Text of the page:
At the very least, the “right to work” is an impressive feat of branding, as demonstrated yesterday in Michigan. There, the ruling Republicans turned that heartland of industrial unionism into a right-to-work state—the 24th in the nation. Who isn’t literally in favor of such a right? The notion that a person shouldn’t have to pay union dues just to work taps deeply into the reservoir of American individualism.
And yet, ironies abound. I’ll name three:
First, proponents argue that right-to-work laws allow people to go it alone, if they so choose, without a union behind them. But the laws do no such thing. They allow workers to dispense with the obligations of unionism—i.e., paying dues for collective bargaining services. But workers retain the rights of unionism; they receive the benefits of such bargaining. The laws require that collective bargaining contracts cover all workers, both dues payers and free riders.
Second, right-to-work laws allow a minority of anti-union workers to opt out, when the majority has voted in a union. But they don’t allow a minority of pro-union workers to opt in, when the majority has voted down a union. A union can’t represent a minority of workers, according to federal or any state law. In other words, an individual worker is free to decide whether to join a union—as long as he or she decides not to. There goes the right to choose.
Third, the right-to-work people say government shouldn’t tell companies and workers what they can or can’t do. But the laws do exactly that. They make it illegal for a company to withhold union dues from paychecks, as part of a voluntary, negotiated agreement between free labor and free enterprise. Unions and employers together can’t set up a bargaining unit that includes every worker as a dues payer. That’s against the law in right-to-work states. So much for getting government off our backs.
Twenty years ago, my friend and mentor in Catholic social teaching, the great and good Msgr. George G. Higgins, made the moral case for unions in his memoir, Organized Labor and the Church: Reflections of a “Labor Priest” (Paulist Press). Here’s a passage from that volume (on which I collaborated), dealing with right-to-work legislation and the common good:
In the argument over right-to-work laws, the first thing to get straight is that these laws have nothing to do with the right to work. That is, the very term is a verbal deception, a play on words to cloak the real purpose of the laws, which is to enforce further restrictions on union activity. Such laws do not provide jobs for workers; they merely prevent workers from building strong and stable unions…. Further, the pressure for such legislation did not arise from workers seeking their “rights.” The measures, rather, were uniformly backed by employers’ organizations and related groups, which continue to apply the pressure that keeps these laws on the books….
A favorite argument of the right-to-work lobby revolves around states’ rights. They argue that states should have the right to regulate labor problems according to their own desires, and that federal standards should not be imposed upon them. Frankly, the argument is less than honest. Under present conditions, the right to regulate labor unions has not been returned to the states. What is conceded [under the Taft-Hartley Act passed by Congress in 1947] is the limited power to enact union-security regulations more stringent than those in the federal law. But a state may not constitutionally enact regulations more favorable to the union movement.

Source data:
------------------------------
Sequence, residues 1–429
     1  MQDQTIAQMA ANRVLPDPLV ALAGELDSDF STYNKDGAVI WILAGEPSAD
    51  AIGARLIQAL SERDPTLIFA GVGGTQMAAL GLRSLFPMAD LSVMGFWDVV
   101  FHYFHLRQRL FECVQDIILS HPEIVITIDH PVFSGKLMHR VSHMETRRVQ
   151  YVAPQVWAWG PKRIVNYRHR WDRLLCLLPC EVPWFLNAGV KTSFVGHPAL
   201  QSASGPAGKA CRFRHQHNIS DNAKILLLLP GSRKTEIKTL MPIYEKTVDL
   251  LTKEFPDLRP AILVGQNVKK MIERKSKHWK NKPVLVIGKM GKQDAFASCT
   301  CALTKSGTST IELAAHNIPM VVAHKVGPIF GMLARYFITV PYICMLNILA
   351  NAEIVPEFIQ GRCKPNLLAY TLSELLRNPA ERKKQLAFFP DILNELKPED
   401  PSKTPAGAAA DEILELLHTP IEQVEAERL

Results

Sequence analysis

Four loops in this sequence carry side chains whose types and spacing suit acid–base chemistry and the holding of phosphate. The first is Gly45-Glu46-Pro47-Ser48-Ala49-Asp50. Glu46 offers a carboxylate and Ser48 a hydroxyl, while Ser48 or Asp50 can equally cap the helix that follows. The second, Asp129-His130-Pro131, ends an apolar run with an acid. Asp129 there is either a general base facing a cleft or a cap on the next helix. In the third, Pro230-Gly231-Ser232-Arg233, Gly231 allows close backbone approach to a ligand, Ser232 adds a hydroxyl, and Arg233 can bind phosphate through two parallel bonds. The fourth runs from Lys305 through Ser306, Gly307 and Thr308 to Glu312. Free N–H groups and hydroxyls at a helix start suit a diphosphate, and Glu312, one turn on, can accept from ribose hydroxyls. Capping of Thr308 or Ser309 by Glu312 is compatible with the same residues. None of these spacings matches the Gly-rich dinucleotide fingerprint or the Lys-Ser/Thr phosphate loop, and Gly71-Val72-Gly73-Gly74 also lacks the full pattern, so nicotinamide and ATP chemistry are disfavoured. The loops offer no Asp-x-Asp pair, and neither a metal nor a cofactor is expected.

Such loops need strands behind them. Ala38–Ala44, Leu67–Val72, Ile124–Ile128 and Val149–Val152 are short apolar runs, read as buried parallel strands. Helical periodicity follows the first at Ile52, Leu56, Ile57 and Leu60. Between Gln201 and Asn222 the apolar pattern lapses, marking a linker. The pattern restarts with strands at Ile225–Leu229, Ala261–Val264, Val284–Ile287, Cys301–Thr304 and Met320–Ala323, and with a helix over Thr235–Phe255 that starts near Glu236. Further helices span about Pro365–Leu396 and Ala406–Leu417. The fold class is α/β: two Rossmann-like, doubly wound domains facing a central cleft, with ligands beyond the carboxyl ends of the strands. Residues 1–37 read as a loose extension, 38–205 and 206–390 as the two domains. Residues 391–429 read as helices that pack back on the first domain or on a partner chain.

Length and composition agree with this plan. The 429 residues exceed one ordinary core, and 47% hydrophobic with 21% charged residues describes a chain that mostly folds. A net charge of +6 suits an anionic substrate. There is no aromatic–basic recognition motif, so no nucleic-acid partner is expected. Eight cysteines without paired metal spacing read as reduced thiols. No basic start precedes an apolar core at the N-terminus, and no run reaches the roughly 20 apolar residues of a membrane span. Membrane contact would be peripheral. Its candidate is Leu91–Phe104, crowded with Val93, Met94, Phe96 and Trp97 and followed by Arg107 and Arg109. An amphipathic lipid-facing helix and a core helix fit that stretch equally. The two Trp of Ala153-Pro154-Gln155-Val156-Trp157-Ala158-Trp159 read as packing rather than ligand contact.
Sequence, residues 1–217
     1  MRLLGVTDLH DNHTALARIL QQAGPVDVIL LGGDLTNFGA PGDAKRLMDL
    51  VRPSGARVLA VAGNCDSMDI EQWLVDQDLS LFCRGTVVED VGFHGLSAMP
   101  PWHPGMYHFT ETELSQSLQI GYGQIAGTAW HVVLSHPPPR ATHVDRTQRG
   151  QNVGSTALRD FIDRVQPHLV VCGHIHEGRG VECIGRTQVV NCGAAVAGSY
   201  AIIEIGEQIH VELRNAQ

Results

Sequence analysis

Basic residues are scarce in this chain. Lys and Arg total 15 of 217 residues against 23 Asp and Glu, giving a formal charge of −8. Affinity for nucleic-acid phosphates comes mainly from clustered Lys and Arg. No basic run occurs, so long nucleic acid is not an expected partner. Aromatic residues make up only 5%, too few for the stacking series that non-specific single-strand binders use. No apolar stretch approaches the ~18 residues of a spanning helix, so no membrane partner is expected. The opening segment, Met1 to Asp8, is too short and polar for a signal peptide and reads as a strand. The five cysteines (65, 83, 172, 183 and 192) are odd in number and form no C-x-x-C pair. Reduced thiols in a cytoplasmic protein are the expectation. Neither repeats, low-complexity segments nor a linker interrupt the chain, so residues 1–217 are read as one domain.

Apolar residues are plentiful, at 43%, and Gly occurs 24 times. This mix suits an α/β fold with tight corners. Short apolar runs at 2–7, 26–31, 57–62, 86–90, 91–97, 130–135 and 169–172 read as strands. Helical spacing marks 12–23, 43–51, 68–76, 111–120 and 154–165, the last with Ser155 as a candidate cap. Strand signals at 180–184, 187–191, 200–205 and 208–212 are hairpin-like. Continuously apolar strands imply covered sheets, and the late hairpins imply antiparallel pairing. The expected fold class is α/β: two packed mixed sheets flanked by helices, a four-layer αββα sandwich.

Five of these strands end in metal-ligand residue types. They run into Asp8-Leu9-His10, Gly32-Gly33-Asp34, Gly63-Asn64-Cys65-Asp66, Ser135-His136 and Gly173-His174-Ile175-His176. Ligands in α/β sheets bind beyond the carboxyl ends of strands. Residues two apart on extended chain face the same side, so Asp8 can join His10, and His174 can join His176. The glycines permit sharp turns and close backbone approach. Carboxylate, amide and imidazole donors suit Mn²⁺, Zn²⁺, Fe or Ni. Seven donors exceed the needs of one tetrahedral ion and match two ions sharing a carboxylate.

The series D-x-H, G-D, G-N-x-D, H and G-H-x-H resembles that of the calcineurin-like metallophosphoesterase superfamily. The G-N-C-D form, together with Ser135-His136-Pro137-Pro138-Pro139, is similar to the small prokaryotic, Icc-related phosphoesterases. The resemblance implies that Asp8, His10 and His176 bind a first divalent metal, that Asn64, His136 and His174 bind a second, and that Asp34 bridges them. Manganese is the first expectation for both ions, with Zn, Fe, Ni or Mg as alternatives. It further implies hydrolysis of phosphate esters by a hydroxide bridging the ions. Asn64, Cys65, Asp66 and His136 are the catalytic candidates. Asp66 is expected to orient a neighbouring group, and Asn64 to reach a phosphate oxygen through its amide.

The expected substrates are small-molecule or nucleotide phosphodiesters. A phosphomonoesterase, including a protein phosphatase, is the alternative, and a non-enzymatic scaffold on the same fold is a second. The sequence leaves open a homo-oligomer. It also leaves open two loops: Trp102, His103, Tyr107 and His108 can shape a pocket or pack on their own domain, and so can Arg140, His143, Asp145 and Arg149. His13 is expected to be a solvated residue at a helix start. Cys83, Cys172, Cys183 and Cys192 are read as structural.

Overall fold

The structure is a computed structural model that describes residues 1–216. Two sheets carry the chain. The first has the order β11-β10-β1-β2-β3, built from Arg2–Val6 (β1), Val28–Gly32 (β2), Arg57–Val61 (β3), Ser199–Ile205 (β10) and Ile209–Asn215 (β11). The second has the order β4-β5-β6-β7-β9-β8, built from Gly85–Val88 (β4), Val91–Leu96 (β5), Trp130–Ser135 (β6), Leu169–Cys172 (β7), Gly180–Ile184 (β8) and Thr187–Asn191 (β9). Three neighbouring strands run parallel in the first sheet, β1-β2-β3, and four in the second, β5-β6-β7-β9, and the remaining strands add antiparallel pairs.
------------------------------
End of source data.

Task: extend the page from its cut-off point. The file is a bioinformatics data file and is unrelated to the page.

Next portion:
After arguing a few other legal points, Higgins, who died in 2002, spoke to the moral question:
Apart from this, the argument about individual choice does raise serious questions. Even if an overwhelming majority of workers want a union shop, do they have a right to demand that the minority step into line with this decision? Since the right to work is the right to life itself, may conditions be imposed upon this right?
The answer to both questions, from my standpoint, is a straight yes. People are more than individuals; they are members of society. Such is their nature. For this reason, the rules necessary for harmonious social living may be binding, not merely optional. So, as members of civil society, we must obey laws, pay taxes, and fulfill our duties as citizens…. Likewise, the common good of industrial society may demand that individuals conform to rules laid down for the good of all.
Medical societies and bar associations generally have the right to lay down binding rules for their professions…. In business, few if any workers enjoy an unconditional “right to work.” The employer imposes rules concerning safety, performance of work, health and hygiene, and miscellaneous matters such as smoking and appearance…. These and other conditions of employment express the principle that the common good of the professional or plant community must prevail. In these matters, the right to impose conditions of employment is rarely questioned, even if the wisdom of particular conditions may be debatable.
Similarly, an employer and a union should have the right to agree, in collective bargaining, that union security—the requirement that workers assume some financial obligation to the union—would aid the industrial relationship. In agreeing to union security (when not prevented from doing so by right-to-work laws), the parties set out a norm of conduct for the common good of their industrial community. When a worker takes a job … he or she is no longer a detached individual; the worker becomes a member of the community and comes under its rules and norms. The alternative to such a system of ordered freedom is chaos and exaggerated individualism in the workplace.
I miss George Higgins.